On July 21, 2022, the French association Agir pour l’Environnement published a report of their study in which they analyzed microplastics in bottled waters sold in France. The association contracted the Labocéa laboratory to perform the analysis. They found microplastics in seven out of the nine waters tested, including in waters from Badoit, Carrefour, Cristaline, Evian, Perrier, Vittel, and Volvic. Concentrations ranged between 1 and 121 particles < 5 mm per liter. Importantly, the highest quantity of particles was present in the “Vittel Kids,” meaning water intended for children. Assuming an average consumption of 131 liters of bottled water, sums up to a consumption of 16,000 microplastics per year alone with drinking water.
Agir pour l’Environnement commented that “it is unacceptable to let the bottled water industry sell water polluted with microplastics, but presented as supposedly ‘pure’ and moreover 300-times more expensive than tap water! The government must protect our health and the environment, in priority that of the children, by making sure that the food chain is not polluted with microplastics. We must get out of disposable plastic as soon as possible, starting with the banning of plastic bottles.”
In an article published on July 18, 2022, in the journal Environmental Pollution, V.C. Shruti from Universidad Nacional Autónoma de México (UNAM), Mexico, analyzed free drinking water from Mexican outdoor refill kiosks for the presence of microplastics.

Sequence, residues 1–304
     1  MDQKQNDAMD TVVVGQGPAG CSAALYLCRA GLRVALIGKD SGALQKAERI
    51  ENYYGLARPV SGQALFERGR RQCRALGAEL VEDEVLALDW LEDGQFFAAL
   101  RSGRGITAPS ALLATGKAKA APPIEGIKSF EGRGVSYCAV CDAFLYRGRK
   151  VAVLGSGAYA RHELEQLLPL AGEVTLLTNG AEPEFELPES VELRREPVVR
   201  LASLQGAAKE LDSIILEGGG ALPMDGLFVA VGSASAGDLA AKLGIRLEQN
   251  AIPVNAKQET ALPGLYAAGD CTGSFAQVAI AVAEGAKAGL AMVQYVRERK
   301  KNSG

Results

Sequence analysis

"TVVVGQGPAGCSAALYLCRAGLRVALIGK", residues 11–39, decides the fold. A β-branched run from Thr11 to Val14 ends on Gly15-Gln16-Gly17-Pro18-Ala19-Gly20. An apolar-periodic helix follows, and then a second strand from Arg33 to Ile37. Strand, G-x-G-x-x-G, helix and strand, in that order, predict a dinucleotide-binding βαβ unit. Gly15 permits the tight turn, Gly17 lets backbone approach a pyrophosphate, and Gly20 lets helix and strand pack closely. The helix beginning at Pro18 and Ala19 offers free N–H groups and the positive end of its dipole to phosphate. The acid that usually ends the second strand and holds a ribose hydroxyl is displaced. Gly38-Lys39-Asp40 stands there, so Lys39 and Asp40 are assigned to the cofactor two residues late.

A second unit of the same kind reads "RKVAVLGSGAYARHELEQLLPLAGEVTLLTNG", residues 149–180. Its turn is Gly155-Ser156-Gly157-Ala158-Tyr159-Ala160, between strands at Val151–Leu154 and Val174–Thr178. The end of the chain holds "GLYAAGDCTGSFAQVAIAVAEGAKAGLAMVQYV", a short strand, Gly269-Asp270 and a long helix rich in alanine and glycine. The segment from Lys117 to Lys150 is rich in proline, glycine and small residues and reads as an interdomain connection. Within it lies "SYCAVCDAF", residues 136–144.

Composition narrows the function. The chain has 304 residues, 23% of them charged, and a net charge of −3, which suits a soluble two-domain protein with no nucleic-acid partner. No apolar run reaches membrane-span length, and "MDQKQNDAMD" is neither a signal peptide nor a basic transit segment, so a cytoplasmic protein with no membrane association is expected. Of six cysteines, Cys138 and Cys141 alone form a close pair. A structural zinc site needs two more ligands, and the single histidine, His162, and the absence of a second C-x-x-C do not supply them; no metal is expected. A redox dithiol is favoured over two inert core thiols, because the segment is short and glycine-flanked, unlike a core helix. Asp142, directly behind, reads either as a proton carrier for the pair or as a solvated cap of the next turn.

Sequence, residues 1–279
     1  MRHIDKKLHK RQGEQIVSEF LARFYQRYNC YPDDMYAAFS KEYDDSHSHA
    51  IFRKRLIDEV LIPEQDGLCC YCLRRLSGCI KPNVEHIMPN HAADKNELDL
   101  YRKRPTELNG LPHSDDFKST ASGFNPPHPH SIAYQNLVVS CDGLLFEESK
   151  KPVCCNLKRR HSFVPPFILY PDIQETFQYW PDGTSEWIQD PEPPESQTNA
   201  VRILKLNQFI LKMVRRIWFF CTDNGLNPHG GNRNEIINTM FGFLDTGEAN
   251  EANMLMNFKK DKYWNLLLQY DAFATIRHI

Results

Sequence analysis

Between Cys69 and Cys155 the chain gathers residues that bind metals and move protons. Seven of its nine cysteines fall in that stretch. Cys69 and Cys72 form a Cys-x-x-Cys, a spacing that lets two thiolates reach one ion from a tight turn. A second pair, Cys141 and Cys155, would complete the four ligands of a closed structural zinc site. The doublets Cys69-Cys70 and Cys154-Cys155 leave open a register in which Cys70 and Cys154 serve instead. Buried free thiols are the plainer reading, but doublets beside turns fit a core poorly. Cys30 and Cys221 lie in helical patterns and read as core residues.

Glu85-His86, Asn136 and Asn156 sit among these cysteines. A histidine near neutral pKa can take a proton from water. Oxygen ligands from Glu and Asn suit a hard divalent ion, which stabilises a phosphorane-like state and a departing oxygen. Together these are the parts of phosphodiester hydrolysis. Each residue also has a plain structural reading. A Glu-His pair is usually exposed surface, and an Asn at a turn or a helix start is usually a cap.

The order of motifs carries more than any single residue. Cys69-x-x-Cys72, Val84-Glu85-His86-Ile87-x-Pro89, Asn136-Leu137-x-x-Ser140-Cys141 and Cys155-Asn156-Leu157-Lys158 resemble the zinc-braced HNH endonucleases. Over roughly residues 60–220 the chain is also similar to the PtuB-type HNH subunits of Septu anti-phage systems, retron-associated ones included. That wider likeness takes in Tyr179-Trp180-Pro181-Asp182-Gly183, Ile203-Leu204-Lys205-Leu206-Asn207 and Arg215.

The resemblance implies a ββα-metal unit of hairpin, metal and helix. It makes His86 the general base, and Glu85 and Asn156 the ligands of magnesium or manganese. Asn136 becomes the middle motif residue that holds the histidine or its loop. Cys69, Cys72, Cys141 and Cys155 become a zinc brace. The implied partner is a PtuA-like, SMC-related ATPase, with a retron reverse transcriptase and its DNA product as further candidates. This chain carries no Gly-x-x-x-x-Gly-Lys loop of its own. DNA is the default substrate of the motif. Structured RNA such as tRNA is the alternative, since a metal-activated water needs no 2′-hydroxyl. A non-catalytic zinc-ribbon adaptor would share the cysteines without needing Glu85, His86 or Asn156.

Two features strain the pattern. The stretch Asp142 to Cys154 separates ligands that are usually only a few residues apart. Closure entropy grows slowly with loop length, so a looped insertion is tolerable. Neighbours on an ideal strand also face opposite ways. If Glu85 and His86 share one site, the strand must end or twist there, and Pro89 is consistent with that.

The researchers sampled drinking water from 22 refill kiosks located in neighborhood parks in nine municipalities of Mexico city and identified plastic particles using epifluorescence microscopy and polymer composition using attenuated total reflection-fourier-transform infrared spectroscopy (ATR-FTIR). All samples contained microplastics but quantities differed between 23 and 202 microplastics per liter between sample sites. Most of the plastics were fibers (88%) while 9% were fragments, and 3% were films. 56% of the fibers had a length shorter 200 µm and the majority were transparent. Shruti et al. further reported that microplastics were made of nine polymer types with polyvinyl alcohol (PVA) being the most predominant type.
The authors hypothesized that microplastics originated from “microplastic-polluted water supplies, a lack of water treatment options, and plastic equipment abrasion during water treatment and distribution.” They recommend monitoring the water quality and maintaining water purification systems regularly.
Agir pour l’Environnement (July 20, 2022). “Étude exclusive: 78% des eaux en bouteille analysées contaminées par des microplastiques.”
Shruti, V. C. et al. (2022). “Free, but not microplastic-free, drinking water from outdoor refill kiosks: A challenge and a wake-up call for urban management.” Environmental Pollution. DOI: 10.1016/j.envpol.2022.119800
This article was originally published by Lisa Zimmermann at the Food Packaging Forum.